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enter. How full of affection we were when we left each other! With what renewed pleasure do I reflect on these few hours ! This, and a few such interviews, have put me on a design to have, even at Yelling, a meeting of ministers.
“ I am happy to tell you that Mr. Coulthurst, a man of the first eminence as a scholar in Cambridge, and the darling of the literati from his amiable manners, has found grace in the eyes of the Lord : he has preached most faithfully before the heads, and is separating apace from those friends who would be proud to serve him, choosing rather the reproach of Christ. Yet only two years since, Dr. Jowet told me he never saw so timorous a creature in his life as Mr. Coulthurst. Mr. Simeon and he are one spirit. They often visit me together and apart, and, excepting the parson of Hotham, and my brother in the ministry, with whom I used to meet at Huddersfield, none can be more welcome.
The Lord be with
“ H. Venn."
The following letter from the same to the same, in relation to Mr. Adam, will be read with equal interest as the last; and it may, even now, serve as a warning, especially to ministers.
· Yelling, Feb. 2nd, 1785. My dear Friend, " I remember nothing remarkable as coming from Mr. Adam, relative to the Mystics. Could you have procured his letters which he wrote to the Rev. Mr. Hartley, of Winwick, with whom I was acquainted, you would have found such worthy of publication. Mr. Adam had a smartness in the epistolary way, and a conciseness, very agreeable. I had been in Mr. Law's school for five years myself, and was just brought to the foot of the cross, when I became intimate with Mr. Hartley, who was going from his Calvinian principles fast into Mysticism. But, alas! it was a terrible error to him. Very able and profitable as a preacher I knew him. In five years after he was a confirmed mystic, his mouth was shut, and he preached no more. Mr. Whitfield, under whose ministry he was first awakened, asked him the reasons why he gave up the ministry. His answer was, his call was to the contemplative life. Mr. Whitfield retorted, "It is the call from beneath, Satan would have all gospel ministers turn contemplatives, and then the game would be his own without any more to do.'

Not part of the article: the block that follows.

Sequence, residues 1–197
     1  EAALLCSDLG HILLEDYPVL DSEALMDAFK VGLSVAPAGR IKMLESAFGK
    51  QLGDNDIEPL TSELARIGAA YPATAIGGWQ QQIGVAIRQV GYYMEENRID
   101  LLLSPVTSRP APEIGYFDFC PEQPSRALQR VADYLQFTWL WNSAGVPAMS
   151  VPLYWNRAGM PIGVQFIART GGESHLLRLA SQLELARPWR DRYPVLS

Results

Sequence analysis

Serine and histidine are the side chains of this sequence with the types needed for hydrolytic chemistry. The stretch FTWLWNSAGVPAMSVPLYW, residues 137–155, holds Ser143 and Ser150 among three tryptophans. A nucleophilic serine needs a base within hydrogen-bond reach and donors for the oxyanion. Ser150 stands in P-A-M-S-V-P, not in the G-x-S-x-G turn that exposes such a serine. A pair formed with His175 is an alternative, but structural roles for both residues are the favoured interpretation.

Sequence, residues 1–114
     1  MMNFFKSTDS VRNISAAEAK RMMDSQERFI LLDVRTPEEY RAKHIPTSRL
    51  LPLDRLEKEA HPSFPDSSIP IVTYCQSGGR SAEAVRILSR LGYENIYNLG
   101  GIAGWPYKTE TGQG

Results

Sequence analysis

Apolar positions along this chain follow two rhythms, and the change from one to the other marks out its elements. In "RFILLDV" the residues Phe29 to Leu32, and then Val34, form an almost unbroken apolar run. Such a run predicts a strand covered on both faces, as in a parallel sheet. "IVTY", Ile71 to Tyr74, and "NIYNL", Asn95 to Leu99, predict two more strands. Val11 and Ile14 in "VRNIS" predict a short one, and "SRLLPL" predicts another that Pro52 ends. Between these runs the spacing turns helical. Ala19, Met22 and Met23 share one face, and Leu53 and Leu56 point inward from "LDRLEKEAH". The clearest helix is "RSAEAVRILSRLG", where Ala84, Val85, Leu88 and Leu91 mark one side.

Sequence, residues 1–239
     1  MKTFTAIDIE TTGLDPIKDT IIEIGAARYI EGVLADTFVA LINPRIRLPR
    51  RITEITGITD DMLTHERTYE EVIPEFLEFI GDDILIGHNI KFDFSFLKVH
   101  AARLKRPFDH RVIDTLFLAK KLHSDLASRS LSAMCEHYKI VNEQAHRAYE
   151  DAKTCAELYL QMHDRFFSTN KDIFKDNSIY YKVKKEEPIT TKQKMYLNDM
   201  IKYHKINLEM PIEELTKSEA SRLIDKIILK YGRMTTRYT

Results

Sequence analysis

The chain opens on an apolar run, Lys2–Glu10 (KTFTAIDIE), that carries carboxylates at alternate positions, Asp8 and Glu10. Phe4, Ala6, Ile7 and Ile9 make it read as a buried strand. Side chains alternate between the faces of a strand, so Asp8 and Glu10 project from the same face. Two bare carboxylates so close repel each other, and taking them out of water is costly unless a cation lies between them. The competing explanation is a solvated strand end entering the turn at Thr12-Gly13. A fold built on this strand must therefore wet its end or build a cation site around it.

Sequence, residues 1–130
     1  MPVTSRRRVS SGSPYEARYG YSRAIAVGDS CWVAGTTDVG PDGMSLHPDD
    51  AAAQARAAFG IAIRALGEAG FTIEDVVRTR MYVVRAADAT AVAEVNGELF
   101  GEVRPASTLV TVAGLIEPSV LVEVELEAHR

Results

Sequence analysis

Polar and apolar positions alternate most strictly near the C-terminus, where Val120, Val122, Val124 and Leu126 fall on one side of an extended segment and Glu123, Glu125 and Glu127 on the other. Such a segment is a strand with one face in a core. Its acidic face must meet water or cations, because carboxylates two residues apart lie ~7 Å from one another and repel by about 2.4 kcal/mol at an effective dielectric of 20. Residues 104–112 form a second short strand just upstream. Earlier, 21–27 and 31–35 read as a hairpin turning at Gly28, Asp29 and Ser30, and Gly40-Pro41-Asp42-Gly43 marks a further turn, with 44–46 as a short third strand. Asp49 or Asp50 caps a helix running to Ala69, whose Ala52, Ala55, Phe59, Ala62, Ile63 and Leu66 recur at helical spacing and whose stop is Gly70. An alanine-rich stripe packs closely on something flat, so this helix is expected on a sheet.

“I remember Mr. Adam used generally to say of the Mystics, that “they dropped Christ at the threshold of the temple.' Indeed one could not believe, if experience did not prove, how little they make of the glorious sacrifice. I apprehend much of the wisdom of God displayed in the cross, arises from hence, that it presents to the mind, in one whole, beyond all expression magnificent, God and our redemption, with the contrast of our guilt, and manifold defects, and infirmities to the last, thus levelling us, and reducing us to a necessity of always feeling our life is only in the Son ; who thence becomes the centre of union, and the one heavenly
mould, in whom the whole church is cast, and shows forth his image.